Staten Islanders Iffy on Housing Hurricane Homeless in Abandoned Jail

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The entrance to the now-closed Arthur Kill Correctional Facility is shown on Staten Island in New York, Tuesday, Jan. 3, 2012.  The correctional center is the seventh prison, camp, or work release facility shuttered in 2011 as New York transferred about 2,600 inmates and 1,400 staff to its 60 remaining penal units in an effort to save millions of dollars and remove excess capacity.
Photo: Kathy Willens/AP/Corbis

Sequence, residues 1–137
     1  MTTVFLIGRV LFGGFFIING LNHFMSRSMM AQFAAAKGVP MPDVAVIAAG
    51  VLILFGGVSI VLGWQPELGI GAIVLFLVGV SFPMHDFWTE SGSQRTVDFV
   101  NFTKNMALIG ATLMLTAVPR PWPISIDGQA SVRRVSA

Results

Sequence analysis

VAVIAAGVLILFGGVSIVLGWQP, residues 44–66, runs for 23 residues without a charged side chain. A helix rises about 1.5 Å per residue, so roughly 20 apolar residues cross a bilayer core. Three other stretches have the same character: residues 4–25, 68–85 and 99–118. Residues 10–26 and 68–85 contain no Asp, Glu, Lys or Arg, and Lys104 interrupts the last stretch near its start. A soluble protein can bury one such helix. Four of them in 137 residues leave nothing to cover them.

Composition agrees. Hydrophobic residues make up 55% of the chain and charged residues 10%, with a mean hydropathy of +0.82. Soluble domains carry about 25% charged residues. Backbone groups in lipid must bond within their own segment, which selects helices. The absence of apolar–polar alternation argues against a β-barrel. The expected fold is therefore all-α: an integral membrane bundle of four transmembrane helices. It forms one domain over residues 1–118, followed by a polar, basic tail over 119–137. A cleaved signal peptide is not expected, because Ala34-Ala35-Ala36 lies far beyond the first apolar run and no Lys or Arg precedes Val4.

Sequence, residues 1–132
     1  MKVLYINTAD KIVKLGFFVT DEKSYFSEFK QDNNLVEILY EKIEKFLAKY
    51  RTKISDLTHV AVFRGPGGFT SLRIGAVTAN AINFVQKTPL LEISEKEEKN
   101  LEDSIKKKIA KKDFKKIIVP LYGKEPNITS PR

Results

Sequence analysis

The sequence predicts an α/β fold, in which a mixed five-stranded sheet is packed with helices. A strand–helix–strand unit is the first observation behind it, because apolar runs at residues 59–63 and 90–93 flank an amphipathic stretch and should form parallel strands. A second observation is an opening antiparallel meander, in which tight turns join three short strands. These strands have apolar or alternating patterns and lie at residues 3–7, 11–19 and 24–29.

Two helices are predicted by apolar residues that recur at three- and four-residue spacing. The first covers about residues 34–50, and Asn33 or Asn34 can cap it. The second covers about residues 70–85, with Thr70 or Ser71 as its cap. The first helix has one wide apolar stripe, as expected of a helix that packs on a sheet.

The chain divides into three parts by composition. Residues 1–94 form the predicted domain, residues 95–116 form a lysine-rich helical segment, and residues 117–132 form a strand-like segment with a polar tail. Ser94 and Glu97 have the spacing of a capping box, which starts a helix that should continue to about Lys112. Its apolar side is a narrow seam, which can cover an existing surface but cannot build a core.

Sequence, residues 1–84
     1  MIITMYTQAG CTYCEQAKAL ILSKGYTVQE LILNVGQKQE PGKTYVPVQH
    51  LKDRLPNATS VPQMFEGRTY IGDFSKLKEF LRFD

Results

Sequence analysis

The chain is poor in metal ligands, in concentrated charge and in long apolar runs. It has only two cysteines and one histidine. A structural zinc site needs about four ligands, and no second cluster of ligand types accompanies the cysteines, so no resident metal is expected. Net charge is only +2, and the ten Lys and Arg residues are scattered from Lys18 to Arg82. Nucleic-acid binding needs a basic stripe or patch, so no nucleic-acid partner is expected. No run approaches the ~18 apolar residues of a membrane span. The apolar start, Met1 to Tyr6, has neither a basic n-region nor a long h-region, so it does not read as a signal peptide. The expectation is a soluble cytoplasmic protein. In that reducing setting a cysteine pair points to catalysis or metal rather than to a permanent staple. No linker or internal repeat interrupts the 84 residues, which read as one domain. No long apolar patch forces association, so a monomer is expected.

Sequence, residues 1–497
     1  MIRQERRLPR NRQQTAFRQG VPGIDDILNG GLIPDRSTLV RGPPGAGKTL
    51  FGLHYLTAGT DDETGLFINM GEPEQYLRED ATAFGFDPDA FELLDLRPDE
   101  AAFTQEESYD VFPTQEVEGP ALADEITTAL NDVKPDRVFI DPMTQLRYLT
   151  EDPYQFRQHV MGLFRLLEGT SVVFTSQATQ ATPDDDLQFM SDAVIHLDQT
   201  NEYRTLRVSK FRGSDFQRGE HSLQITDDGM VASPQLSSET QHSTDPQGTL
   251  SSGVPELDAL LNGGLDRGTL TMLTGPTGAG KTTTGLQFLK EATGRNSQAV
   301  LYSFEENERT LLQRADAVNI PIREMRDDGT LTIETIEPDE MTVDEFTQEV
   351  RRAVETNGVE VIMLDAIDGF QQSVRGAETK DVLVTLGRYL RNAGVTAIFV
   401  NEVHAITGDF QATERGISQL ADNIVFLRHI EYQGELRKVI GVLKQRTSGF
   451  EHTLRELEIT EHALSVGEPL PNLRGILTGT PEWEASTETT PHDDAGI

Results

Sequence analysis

With long-term, and even temporary, housing solutions not yet sorted out for everyone displaced by Hurricane Sandy, nervous eyes keep shifting toward Arthur Kill Correctional Facility, a medium-security Staten Island prison that closed last year. The city has maintained that the jail "is not on the table," but Councilman James Oddo tells the Post, "If there is no other viable option, it shouldn't be taken off the table because of a quote unquote stigma." About 5,200 people on Staten Island have applied for temporary housing through FEMA, but not all of them would accept this particular place, which would require a full infrastructure reboot to be inhabitable. "I lost everything, but I still have my pride," said one father of two. "My brother was once in that very prison, and my mother used to visit him regularly. She used to tell me how miserable he looked and how filthy and disgusting that prison was."